|Man Without Qualities|
Wednesday, October 09, 2002
In the dust ups over the celibacy requirement for Catholic priests, one often sees and hears claims that other churches DO allow their priests to marry - most notably the Greek Orthodox Church.
But DOES the Greek Orthodox Church allow its priests to marry?
The answer is more complicated than the mainstream press presents. The short answer is:
NO. Greek Orthodox priests are NOT permitted to marry.
However, married men MAY routinely become Orthodox priests, but they may not advance in the ranks to become bishops. Moreover, under Orthodox rules, a celibate priest cannot marry after ordination, and a noncelibate priest cannot remarry and remain a priest, even if his wife dies.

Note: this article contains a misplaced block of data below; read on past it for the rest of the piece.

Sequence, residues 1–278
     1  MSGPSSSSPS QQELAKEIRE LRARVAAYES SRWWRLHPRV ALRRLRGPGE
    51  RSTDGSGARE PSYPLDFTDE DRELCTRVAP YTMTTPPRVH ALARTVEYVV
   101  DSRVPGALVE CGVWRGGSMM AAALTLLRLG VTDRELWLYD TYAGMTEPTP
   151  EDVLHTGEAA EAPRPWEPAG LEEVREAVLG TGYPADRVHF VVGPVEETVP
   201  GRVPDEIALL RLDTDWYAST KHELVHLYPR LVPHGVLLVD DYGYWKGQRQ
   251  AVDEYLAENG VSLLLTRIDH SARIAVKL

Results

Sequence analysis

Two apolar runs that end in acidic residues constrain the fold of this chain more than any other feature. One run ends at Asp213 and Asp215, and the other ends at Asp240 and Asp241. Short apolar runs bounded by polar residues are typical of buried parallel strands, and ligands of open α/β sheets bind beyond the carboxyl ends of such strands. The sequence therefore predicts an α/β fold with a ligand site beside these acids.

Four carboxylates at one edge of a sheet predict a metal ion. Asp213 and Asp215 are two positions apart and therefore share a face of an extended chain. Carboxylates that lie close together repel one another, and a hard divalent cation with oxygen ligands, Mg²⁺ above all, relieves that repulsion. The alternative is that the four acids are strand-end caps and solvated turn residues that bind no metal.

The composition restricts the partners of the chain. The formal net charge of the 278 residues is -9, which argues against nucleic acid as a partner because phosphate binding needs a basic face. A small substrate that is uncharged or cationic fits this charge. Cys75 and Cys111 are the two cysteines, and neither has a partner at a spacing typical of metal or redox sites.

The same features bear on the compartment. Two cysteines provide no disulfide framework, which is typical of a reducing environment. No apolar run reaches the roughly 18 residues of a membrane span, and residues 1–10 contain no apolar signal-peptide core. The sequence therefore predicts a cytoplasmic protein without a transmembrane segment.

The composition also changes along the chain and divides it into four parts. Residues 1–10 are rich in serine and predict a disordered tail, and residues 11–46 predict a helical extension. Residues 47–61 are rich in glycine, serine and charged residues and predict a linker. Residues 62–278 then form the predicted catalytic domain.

All that being said: About 91 percent (575 of 630) of active Greek Orthodox priests in the United States are married, and it is "very rare" for Greek Orthodox clerics to resign.
One consequence: Some Catholic reformers advocate that current Catholic priests be allowed to marry. Whether or not that is a good idea, such a reform would go well beyond Orthodox tradition.
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